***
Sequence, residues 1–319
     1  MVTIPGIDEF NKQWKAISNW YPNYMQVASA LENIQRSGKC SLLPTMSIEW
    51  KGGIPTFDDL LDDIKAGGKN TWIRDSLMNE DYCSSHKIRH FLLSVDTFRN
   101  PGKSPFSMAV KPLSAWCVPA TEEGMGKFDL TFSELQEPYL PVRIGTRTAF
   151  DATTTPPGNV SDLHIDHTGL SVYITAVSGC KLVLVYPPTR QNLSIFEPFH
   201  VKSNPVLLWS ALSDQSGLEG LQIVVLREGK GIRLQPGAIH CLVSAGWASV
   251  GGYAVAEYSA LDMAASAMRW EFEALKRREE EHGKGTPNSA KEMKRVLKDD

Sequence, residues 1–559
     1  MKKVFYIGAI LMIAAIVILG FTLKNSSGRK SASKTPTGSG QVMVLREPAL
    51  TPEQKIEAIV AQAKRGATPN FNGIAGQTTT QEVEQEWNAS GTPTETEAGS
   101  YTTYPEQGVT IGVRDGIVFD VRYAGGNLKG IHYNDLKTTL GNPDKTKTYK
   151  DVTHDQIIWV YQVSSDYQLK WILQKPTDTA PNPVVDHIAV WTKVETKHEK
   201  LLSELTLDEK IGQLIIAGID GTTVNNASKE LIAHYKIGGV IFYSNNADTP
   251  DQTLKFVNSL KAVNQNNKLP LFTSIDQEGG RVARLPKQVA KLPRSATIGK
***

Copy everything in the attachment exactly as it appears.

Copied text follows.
Sequence, residues 1–319
     1  MVTIPGIDEF NKQWKAISNW YPNYMQVASA LENIQRSGKC SLLPTMSIEW
    51  KGGIPTFDDL LDDIKAGGKN TWIRDSLMNE DYCSSHKIRH FLLSVDTFRN
   101  PGKSPFSMAV KPLSAWCVPA TEEGMGKFDL TFSELQEPYL PVRIGTRTAF
   151  DATTTPPGNV SDLHIDHTGL SVYITAVSGC KLVLVYPPTR QNLSIFEPFH
   201  VKSNPVLLWS ALSDQSGLEG LQIVVLREGK GIRLQPGAIH CLVSAGWASV
   251  GGYAVAEYSA LDMAASAMRW EFEALKRREE EHGKGTPNSA KEMKRVLKDD

Sequence, residues 1–559
     1  MKKVFYIGAI LMIAAIVILG FTLKNSSGRK SASKTPTGSG QVMVLREPAL
    51  TPEQKIEAIV AQAKRGATPN FNGIAGQTTT QEVEQEWNAS GTPTETEAGS
   101  YTTYPEQGVT IGVRDGIVFD VRYAGGNLKG IHYNDLKTTL GNPDKTKTYK
   151  DVTHDQIIWV YQVSSDYQLK WILQKPTDTA PNPVVDHIAV WTKVETKHEK
   201  LLSELTLDEK IGQLIIAGID GTTVNNASKE LIAHYKIGGV IFYSNNADTP
   251  DQTLKFVNSL KAVNQNNKLP LFTSIDQEGG RVARLPKQVA KLPRSATIGK